Some of Disney's success has been because of smash hits on oversized IMAX (NYSE: IMAX  ) screens around the world. We may have gone through a recession in 2008-2009, but the box office had a record year when the rest of the economy was in the dumps. One of the reasons is that a night out at the movies is still a relatively cheap form of entertainment, even with the extra cost of an IMAX ticket. This year, with over a quarter of the year left, the domestic box office has already topped 78% of last year's total. It looks like it's shaping up to be another record year.

For those who prefer more home-based entertainment, Activision Blizzard (Nasdaq: ATVI  ) has captured a significant amount of entertainment dollars in the recent year. The company has grown revenue at a rate of 14.7% over the past five years and the stock has tripled over the past decade. Activision and other game developers face a changing landscape with consumers moving away from consoles to smartphones and tablets, but this creates an opportunity as well. Activision has a growing number of games on Apple's (Nasdaq: AAPL  ) app store, and big game developers are quickly learning how to monetize these new devices.

Finally, a winner in the entertainment industry that may shock you is Cedar Fair (NYSE: FUN  ) , the amusement park operator. The company has shot out of the recession with growing revenue and increased profitability, and shows no signs of stopping. The ticket to get in may be expensive, and so is the food and drink, but people with the cash to ride the rides are spending more than they were a year ago, a strong trend for this entertainment company.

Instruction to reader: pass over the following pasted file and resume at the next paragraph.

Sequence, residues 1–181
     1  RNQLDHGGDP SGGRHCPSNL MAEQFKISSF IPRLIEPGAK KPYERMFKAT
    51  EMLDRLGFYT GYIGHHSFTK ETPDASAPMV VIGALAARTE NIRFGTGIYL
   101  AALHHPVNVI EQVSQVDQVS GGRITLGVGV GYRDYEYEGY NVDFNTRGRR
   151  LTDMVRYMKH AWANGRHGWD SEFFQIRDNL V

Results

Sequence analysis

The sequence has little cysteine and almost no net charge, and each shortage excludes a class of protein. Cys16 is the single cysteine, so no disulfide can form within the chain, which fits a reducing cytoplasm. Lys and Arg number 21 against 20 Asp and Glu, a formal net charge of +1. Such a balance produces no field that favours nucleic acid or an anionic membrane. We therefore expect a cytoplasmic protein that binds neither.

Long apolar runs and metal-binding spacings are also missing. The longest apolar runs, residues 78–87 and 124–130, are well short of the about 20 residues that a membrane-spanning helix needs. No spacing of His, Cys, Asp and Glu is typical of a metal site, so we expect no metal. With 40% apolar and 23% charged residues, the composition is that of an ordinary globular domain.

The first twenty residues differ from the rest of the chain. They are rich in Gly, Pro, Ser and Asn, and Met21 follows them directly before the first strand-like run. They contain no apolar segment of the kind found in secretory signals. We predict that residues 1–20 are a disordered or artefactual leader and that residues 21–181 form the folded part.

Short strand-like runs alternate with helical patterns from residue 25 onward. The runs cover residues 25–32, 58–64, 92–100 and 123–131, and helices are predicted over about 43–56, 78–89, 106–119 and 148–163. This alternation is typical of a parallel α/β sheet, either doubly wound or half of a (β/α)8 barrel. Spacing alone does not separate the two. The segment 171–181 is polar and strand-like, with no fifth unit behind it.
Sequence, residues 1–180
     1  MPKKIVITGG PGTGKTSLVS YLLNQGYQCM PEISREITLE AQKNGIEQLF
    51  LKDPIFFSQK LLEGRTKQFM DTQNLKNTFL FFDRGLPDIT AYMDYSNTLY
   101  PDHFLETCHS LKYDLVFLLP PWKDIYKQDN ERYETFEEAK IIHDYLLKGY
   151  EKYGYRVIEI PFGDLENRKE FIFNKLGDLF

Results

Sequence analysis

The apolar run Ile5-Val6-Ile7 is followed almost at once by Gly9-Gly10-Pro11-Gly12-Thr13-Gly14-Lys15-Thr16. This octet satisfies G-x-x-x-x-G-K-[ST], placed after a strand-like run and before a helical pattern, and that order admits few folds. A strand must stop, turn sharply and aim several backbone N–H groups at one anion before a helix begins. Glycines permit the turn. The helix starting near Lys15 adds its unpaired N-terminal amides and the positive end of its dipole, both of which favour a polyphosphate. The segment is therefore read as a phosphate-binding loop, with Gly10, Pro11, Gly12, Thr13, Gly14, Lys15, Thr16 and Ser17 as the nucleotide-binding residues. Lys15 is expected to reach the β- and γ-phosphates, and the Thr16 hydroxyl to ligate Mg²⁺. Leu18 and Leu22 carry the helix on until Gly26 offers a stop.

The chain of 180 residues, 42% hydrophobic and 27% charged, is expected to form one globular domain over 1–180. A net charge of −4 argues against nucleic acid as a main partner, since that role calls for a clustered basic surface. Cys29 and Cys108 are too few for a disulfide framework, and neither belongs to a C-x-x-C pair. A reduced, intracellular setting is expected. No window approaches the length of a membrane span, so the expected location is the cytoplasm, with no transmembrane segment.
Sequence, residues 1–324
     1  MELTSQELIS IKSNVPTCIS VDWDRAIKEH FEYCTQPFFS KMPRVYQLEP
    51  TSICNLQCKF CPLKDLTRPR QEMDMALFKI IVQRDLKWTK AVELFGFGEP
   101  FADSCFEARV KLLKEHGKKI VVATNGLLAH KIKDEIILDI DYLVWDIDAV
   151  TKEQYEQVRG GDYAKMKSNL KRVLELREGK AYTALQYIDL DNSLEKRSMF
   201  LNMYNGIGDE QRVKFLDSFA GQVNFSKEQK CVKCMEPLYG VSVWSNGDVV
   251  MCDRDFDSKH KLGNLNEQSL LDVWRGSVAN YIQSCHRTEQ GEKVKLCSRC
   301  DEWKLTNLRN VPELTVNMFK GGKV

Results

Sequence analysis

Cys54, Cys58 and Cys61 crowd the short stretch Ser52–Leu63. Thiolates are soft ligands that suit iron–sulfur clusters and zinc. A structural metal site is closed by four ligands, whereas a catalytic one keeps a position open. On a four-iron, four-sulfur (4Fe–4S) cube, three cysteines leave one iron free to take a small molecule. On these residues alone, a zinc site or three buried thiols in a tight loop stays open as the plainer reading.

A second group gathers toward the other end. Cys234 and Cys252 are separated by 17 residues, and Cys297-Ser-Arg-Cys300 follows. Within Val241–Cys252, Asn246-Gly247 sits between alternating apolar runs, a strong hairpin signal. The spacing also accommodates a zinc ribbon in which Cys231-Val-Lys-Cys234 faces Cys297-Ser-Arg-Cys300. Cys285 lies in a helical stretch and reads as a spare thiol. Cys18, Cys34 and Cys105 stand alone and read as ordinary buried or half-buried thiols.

These companies have performed well, and their stocks have crushed the S&P 500 over the past 10 years.

DIS Total Return Price Chart

DIS Total Return Price data by YCharts

I could even throw Apple into this group, highlighting the strength in the top end of the market. Who stood in line on Friday to buy an iPhone just to make calls? It's an entertainment and productivity device more than a phone, and Apple's success coincides with the strength in entertainment stocks.

Foolish bottom line